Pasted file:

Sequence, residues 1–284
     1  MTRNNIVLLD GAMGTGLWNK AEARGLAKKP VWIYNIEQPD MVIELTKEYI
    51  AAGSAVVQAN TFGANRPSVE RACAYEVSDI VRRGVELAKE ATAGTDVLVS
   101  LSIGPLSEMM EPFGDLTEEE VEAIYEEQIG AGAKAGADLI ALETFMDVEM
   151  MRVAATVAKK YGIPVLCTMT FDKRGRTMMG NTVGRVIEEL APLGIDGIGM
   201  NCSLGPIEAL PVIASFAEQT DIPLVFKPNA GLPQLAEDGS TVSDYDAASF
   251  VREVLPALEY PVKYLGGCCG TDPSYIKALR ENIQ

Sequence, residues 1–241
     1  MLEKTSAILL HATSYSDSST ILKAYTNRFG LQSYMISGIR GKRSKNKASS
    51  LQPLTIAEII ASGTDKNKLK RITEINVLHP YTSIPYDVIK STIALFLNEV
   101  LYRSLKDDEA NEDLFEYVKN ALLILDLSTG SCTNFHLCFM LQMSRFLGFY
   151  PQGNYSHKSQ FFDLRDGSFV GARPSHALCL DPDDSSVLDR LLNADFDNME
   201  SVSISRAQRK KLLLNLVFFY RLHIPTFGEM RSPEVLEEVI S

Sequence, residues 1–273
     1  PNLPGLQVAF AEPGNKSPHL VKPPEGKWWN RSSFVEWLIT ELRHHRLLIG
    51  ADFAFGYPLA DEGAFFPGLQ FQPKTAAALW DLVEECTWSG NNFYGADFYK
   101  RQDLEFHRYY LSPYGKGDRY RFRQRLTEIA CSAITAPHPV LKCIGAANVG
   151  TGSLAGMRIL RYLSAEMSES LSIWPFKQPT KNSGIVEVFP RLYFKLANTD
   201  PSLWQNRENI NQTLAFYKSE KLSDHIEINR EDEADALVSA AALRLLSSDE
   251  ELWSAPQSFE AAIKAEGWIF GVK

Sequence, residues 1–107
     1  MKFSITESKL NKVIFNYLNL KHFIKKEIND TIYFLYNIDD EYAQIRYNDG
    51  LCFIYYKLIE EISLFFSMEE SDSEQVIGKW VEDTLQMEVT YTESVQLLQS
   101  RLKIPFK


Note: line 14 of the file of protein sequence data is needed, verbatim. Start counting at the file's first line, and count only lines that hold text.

Sequence, residues 1–273